Out of the millions of coronavirus copies in an infected person, the odds are remote that a fitter mutant is among the few that spread to another person and become amplified into a new variant.
How Do New Variants Emerge?
Unfortunately, uncontrolled spread of a virus can overcome even the tightest bottlenecks. While most mutations have no effect on the virus, .
If a fast-spreading strain is able to cause a large number of COVID-19 cases somewhere, it will start to out-compete less contagious strains and generate a new variant —just like the delta variant did.
Many researchers are studying which mutations lead to more transmissible versions of the coronavirus. It turns out that variants that . With more than a million new infections occurring every day and billions of people still unvaccinated, susceptible hosts are rarely in short supply.
So, natural selection will favor mutations that can exploit all these unvaccinated people and make the coronavirus more transmissible.
Under these circumstances, the best way to constrain the evolution of the coronavirus is to reduce the number of infections.
Vaccines Stop New Variants
The delta variant has spread around the globe, and the .
If the goal is to limit infections, vaccines are the answer.
Even though vaccinated people can still get infected with the delta variant, than unvaccinated individuals.
This greatly reduces the chances of any mutated virus — either one that makes the virus more transmissible or one that could allow it to get past immunity from vaccines —from jumping from one person to another.
Eventually, when nearly everyone has some immunity to the coronavirus from vaccination, viruses that break through this immunity could gain a competitive advantage over other strains.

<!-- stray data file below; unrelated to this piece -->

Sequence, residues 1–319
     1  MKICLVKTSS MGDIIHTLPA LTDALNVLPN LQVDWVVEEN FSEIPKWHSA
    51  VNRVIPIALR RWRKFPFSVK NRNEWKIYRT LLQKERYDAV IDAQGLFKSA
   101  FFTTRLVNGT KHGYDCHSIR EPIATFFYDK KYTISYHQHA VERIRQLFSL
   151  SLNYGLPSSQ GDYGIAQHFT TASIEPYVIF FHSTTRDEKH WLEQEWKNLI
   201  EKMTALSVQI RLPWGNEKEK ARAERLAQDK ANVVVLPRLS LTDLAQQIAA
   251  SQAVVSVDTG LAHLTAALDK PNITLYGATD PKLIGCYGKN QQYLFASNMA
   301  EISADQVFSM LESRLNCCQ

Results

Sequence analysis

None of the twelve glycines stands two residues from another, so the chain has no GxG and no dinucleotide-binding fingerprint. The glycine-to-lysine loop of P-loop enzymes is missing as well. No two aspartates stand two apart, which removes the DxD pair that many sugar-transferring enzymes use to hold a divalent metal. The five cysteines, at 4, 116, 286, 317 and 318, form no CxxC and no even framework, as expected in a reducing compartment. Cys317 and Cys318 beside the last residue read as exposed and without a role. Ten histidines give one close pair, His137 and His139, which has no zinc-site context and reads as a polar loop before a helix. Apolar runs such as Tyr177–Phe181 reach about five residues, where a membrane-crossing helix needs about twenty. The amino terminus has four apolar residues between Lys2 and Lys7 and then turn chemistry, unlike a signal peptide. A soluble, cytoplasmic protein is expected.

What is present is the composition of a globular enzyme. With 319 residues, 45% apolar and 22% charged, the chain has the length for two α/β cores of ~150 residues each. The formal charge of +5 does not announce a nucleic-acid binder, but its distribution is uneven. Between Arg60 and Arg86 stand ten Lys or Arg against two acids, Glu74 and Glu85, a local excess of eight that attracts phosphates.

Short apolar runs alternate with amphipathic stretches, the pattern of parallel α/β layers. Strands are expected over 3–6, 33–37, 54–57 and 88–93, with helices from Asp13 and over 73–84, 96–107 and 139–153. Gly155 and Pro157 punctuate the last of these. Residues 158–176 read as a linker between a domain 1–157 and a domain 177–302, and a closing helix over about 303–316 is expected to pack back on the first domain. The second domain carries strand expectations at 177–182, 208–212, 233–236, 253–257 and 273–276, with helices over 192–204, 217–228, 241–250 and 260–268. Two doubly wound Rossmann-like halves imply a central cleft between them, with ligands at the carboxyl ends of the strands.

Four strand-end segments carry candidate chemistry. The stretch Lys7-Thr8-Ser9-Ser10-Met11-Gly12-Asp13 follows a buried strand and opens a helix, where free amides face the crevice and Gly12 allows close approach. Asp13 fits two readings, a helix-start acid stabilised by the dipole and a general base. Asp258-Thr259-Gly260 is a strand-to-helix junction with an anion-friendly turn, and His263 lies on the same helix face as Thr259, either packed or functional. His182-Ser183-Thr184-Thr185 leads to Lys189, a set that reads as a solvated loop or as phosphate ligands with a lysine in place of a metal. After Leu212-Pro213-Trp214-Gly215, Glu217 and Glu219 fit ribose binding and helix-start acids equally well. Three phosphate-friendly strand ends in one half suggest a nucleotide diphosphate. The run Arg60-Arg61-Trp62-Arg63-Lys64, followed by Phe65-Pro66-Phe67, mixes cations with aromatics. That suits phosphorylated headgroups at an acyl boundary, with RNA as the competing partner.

It is theoretically possible that in this situation, natural selection will lead to variants that can infect and cause serious disease in vaccinated people.
However, these mutants must still escape the population bottleneck.
For now, it is unlikely that vaccine-induced immunity will be the major player in variant emergence because there are lots of new infections occurring. It’s simply a numbers game. The modest benefit the virus would get from vaccine evasion is .
The world has already witnessed the relationship between the number of infections and the rise of mutants.
The coronavirus remained essentially unchanged for months until the pandemic got out of control.
With relatively few infections, the genetic code had limited opportunities to mutate. But as infection clusters exploded, the virus rolled the dice millions of times and some mutations produced fitter mutants.
"The best way to stop new variants is to stop their spread, and the answer to that is vaccination."
(Vaughn Cooper is a Professor of Microbiology and Molecular Genetics, and Lee Harrison is a Professor of Epidemiology, Medicine, and Infectious Diseases and Microbiology, at the University of Pittsburgh.)
(This is an opinion piece and the views expressed above are the author’s own. The Quint neither endorses nor is responsible for them. This article was originally published on The Conversation. Read the original article here.)